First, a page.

Before You Enlist Video - http://beforeyouenlist.org
Researching Pop Culture and Militarism - https://nnomy.org/popcultureandmilitarism/
If you have been Harassed by a Military Recruiter - https://www.afsc.org/resource/military-recruiter-abuse-hotline
War: Turning now to Mr. Ralph Waldo Emerson - Christian Science Monitor
WHAT IS IN THIS KIT? - https://nnomy.org/backtoschoolkit/
Click through to find out
Religion and militarism - https://nnomy.org/religionandmilitarism/
‘A Poison in the System’: Military Sexual Assault - New York Times
Change your Mind?
Talk to a Counselor at the GI Rights Hotline
Ask that your child's information is denied to Military Recruiters
And monitor that this request is honored.
Military Recruiters and Programs Target marginalized communities for recruits...
..and the high schools in those same communities

 Militarization of our Schools

The Pentagon is taking over our poorer public schools. This is the reality for disadvantaged youth.

 

What we can do

Corporate/conservative alliances threaten Democracy . Progressives have an important role to play.

 Why does NNOMY matter?

Most are blind or indifferent to the problem.
A few strive to protect our democracy.

Articles

Direct Action against Militarism

Owen Everett - Based on a piece by Cecil Arndt

N.E.A.T.In different countries, war and militarisation take on very different meanings and have different effects, depending not only on the presence or absence of direct acts of war but also on country's political, economic, and social circumstances, and its history and traditions. As these factors define not only to the types, levels, and effects of militarisation but also the ways in which it can be effectively resisted, the scope of this article is inevitably limited; it can only provide a Western, European, largely German perspective on the use of direct action to oppose the militarisation of youth, although it explores possibilities in other countries nonetheless.

Militarisation, in whatever form it takes, must be understood as always being directed at young people. The militarisation of youth relies not only on their direct recruitment into the armed forces, but on the widely growing intrusion of the military into the lives and minds of people of all ages. This intrusion influences individual daily routines, preferences and choices, as well as general perceptions. The common theme is the normalising of war and the military.

Violence, USA

The Warfare State and the Hardening of Everyday Life

Henry A. Giroux -

CorpoUSASince 9/11, the war on terror and the campaign for homeland security have increasingly mimicked the tactics of the enemies they sought to crush. Violence and punishment as both a media spectacle and a bone-crushing reality have become prominent and influential forces shaping U.S. society. As the boundaries between “the realms of war and civil life have collapsed,” social relations and the public services needed to make them viable have been increasingly privatized and militarized.1 The logic of profitability works its magic in channeling the public funding of warfare and organized violence into universities, market-based service providers, Hollywood cinema, cable television, and deregulated contractors. The metaphysics of war and associated forms of violence now creep into every aspect of U.S. society.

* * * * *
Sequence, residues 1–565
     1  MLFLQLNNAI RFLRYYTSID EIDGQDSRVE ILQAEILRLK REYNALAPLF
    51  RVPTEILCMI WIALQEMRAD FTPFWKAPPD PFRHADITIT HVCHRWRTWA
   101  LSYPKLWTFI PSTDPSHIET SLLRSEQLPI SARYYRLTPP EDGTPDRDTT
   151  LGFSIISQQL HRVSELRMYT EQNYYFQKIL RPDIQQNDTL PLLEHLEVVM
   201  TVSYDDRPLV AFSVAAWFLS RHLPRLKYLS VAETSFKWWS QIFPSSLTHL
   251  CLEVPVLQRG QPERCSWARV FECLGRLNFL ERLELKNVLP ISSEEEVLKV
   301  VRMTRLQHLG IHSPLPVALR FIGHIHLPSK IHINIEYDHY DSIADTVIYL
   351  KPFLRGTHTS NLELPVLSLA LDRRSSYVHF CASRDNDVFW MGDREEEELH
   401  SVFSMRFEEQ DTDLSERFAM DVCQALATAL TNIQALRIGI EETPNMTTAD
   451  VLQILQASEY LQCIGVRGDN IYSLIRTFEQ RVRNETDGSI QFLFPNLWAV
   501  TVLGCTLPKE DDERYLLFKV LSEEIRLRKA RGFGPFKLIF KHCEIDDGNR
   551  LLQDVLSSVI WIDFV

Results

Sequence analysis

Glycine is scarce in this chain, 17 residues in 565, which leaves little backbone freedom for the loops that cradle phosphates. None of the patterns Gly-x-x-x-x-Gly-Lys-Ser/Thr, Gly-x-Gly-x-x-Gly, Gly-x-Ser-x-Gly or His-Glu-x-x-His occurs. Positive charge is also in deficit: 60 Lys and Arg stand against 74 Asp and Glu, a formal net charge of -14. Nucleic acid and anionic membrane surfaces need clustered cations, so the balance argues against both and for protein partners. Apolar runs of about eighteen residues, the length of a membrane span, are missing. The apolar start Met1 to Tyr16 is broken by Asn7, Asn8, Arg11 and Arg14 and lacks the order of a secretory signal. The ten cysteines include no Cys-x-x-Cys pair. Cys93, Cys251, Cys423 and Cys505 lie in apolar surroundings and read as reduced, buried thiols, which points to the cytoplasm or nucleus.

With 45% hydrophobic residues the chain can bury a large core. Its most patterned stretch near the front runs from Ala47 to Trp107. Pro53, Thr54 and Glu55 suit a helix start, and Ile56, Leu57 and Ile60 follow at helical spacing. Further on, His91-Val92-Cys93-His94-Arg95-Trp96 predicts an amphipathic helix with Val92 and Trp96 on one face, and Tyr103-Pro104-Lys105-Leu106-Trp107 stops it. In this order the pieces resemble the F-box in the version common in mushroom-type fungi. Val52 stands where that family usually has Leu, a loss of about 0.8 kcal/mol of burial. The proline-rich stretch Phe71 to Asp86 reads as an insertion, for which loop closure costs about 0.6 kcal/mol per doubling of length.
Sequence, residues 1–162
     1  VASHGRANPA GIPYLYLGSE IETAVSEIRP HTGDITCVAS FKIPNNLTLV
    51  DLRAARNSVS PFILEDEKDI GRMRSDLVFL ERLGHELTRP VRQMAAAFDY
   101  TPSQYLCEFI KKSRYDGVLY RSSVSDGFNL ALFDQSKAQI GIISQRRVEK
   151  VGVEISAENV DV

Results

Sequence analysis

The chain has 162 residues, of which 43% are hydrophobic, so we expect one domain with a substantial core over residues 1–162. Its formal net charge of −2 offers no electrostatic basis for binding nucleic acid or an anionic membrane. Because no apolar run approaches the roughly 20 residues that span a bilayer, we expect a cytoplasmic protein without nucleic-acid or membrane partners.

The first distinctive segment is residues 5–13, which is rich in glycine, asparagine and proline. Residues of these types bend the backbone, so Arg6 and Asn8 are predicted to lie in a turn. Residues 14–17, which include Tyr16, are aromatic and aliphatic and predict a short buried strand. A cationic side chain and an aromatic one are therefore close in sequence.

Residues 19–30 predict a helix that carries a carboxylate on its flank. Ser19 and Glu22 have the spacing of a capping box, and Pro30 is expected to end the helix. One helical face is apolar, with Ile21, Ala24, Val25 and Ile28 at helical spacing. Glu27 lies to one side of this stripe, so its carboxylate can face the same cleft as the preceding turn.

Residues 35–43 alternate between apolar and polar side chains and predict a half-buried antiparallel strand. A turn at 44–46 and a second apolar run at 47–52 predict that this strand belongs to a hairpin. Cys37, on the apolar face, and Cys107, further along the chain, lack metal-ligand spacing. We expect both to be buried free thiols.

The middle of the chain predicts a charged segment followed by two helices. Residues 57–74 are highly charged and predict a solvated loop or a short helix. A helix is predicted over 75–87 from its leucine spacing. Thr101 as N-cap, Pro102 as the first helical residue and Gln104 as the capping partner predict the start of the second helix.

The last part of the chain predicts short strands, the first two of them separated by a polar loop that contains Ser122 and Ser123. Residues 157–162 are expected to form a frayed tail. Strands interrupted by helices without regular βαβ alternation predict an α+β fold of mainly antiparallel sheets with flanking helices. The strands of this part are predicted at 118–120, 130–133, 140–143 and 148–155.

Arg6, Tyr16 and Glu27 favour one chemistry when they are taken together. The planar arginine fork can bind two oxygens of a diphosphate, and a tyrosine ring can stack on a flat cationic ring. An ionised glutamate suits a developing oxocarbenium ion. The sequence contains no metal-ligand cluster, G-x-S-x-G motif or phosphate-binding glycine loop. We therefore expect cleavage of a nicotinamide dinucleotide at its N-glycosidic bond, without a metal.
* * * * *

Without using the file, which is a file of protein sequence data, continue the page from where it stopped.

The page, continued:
The Militarization of Catholic Jesuit University Education

Robert Graf -

Not Your (Grand) Father’s Military

 

St. Ignatius surrenders his weapons
St. Ignatius
surrenders his weapons

St. Ignatius of Loyola, founder of the Society of Jesus, became a “soldier of Christ,” laying down his worldly weapons before the statue of the Black Madonna at Montserrat and exchanging his royal clothes for the rags of a beggar. Both before and after his conversion, he was a Catholic; but only after his conversion was his first loyalty to Jesus and not to the state.

The modern Jesuit university, Marquette University being one example, is doing the reverse. It is taking up the weapons of war at the request of the government and is adapting its Christian values to accommodate military education and training. It still calls itself Catholic, but has made itself beholden to the governing authority, with its immense military establishment, and in the process is marginalizing the teachings of Jesus and of the Church.

In 1968, at the height of the civil rights and peace movements, Marquette gave in to the pressures of students and society and opened it’s doors more widely to minority students. However the same year when many of the same students who had worked for civil rights began resisting the military presence on campus, Marquette held it’s ground.